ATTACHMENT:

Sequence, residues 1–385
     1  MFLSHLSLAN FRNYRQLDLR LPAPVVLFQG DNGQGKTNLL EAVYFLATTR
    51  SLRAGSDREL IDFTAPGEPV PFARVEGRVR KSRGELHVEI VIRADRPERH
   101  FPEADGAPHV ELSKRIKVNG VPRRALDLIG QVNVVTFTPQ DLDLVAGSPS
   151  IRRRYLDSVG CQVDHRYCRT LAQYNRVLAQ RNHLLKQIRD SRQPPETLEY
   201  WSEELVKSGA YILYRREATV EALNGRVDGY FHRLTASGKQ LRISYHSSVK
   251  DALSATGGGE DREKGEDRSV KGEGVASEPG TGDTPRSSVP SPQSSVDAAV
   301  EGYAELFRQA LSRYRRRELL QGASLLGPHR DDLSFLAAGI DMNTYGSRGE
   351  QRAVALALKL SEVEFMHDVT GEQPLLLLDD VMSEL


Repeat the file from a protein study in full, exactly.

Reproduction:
Sequence, residues 1–385
     1  MFLSHLSLAN FRNYRQLDLR LPAPVVLFQG DNGQGKTNLL EAVYFLATTR
    51  SLRAGSDREL IDFTAPGEPV PFARVEGRVR KSRGELHVEI VIRADRPERH
   101  FPEADGAPHV ELSKRIKVNG VPRRALDLIG QVNVVTFTPQ DLDLVAGSPS
   151  IRRRYLDSVG CQVDHRYCRT LAQYNRVLAQ RNHLLKQIRD SRQPPETLEY
   201  WSEELVKSGA YILYRREATV EALNGRVDGY FHRLTASGKQ LRISYHSSVK
   251  DALSATGGGE DREKGEDRSV KGEGVASEPG TGDTPRSSVP SPQSSVDAAV
   301  EGYAELFRQA LSRYRRRELL QGASLLGPHR DDLSFLAAGI DMNTYGSRGE
   351  QRAVALALKL SEVEFMHDVT GEQPLLLLDD VMSEL